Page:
I'm gonna have to go with kingpenvin, he is evil, but due to extreme selfishness. His survival is the only things that matters. He has a guilty conscience about that, and occaisionally tries to placate it, but never at the risk of losing any power of his life. UNTIL Ziyal. When he brings Ziyal to Cardassia, throwing away everything (but still manging to survive, or course), it's her unconditional love and understanding that tips his consience over the edge. (Remember what he said to Sisko at the end "Sacrifice of Angels," he wanted forgiveness and understanding for what he did, and Ziyal was his last hope of that.) When she died, he obviously went batshit insane. But again, it was all selfishness. Selfishness defined his character. It was almost love for Ziyal that drove him mad, but not quite love. The selfish need for love.

Can't really comment on the wraith part, since I don't remember it too well.
#9
Old 09-30-2004, 11:21 AM
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Quote:
Gul Dukat: Crazy? Evil? Or just misunderstood
No.

Merely the Heartbreak Of Psoriasis.

It'll get ya every time....
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#10
Old 09-30-2004, 11:43 AM
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Originally Posted by Bosda Di'Chi of Tricor
No.

Merely the Heartbreak Of Psoriasis.

It'll get ya every time....
How does a Cardassian tell when he has psoriasis, anyway?
#11
Old 09-30-2004, 11:53 AM
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Originally Posted by jayjay
How does a Cardassian tell when he has psoriasis, anyway?
Psoriasis gets em all...Di Maggio, Hitchcock, Lamour, Gul Dukat, Flipper...all the Greats.
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#12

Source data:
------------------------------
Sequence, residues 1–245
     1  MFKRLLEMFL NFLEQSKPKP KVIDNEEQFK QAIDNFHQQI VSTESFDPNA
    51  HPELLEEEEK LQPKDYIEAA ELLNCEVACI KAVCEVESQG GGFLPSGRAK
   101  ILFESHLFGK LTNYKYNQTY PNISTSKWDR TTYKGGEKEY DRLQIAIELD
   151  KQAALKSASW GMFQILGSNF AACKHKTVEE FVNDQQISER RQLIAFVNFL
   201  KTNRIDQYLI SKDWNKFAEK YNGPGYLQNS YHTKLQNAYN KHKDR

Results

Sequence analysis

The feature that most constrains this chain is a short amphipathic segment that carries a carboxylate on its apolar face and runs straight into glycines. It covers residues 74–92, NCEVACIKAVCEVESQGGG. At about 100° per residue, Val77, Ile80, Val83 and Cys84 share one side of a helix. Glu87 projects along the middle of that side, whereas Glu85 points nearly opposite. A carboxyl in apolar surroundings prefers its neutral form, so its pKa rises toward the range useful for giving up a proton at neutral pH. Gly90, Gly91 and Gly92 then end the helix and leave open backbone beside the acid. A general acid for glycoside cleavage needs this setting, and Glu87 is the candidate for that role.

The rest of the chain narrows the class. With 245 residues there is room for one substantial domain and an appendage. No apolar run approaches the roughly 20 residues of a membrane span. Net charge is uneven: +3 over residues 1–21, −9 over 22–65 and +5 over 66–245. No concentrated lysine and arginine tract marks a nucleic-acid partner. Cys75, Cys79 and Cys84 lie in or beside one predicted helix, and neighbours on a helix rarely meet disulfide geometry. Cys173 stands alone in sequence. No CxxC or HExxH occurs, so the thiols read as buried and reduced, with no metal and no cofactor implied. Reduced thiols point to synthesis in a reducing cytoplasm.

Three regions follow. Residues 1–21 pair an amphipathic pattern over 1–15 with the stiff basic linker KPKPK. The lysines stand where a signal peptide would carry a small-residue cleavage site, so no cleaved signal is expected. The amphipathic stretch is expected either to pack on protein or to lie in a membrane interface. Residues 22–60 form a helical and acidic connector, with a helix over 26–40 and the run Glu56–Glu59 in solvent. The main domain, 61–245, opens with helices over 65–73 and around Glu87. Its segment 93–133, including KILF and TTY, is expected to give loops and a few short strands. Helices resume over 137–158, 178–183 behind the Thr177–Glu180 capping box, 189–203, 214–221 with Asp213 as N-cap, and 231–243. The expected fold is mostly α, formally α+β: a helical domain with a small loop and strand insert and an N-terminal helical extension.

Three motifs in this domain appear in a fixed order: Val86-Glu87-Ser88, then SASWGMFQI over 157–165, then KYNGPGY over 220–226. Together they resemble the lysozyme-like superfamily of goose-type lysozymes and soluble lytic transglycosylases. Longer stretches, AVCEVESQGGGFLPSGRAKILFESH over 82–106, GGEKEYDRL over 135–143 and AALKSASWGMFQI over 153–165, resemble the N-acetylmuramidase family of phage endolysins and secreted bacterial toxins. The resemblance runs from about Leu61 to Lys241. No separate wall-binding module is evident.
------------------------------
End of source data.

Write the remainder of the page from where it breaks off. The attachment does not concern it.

Old 09-30-2004, 12:12 PM
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Originally Posted by jayjay
How does a Cardassian tell when he has psoriasis, anyway?
Cardassians consider it a sign of beauty. Perhaps you've heard the expression, "You're a sight for psoriasis."
#13
Old 09-30-2004, 12:53 PM
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Nice first thread, Trekibilia! Welcome to the boards!
#14
Old 09-30-2004, 03:17 PM
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The best analogy I can think of would be an antebellum slave holder. Dukat was born and raised to uphold the system that produced him, and he couldn't comprehend how that system could be anything other than good and right. And like a slave holder, he had a paternalistic desire for his victims to love him, to exhonorate and justify his beliefs. In a horrible, morally blind way Dukat is an innocent, compared with other Cardassians who know and are proud of the fact that they're ruthless conquerers. In his own eyes, he never did anything but absolute necessity with the best of intentions. By the time he cracked up and and fell under the Pah wraiths influence, he was as lost as a soul can be.
#15
Old 10-02-2004, 03:12 AM
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Thank you all so much for these fascinating takes! I hope you'll excuse my persistence, but... I have some responses. This is long again.. sorry, but I'm really into this.

From kingpengvin :
Quote:
He has little imagination, in that he fails to see that others may have stronger convictions and would rather have died than become killers. He simply believe that all beings put their own personal survival before all other matters including morals.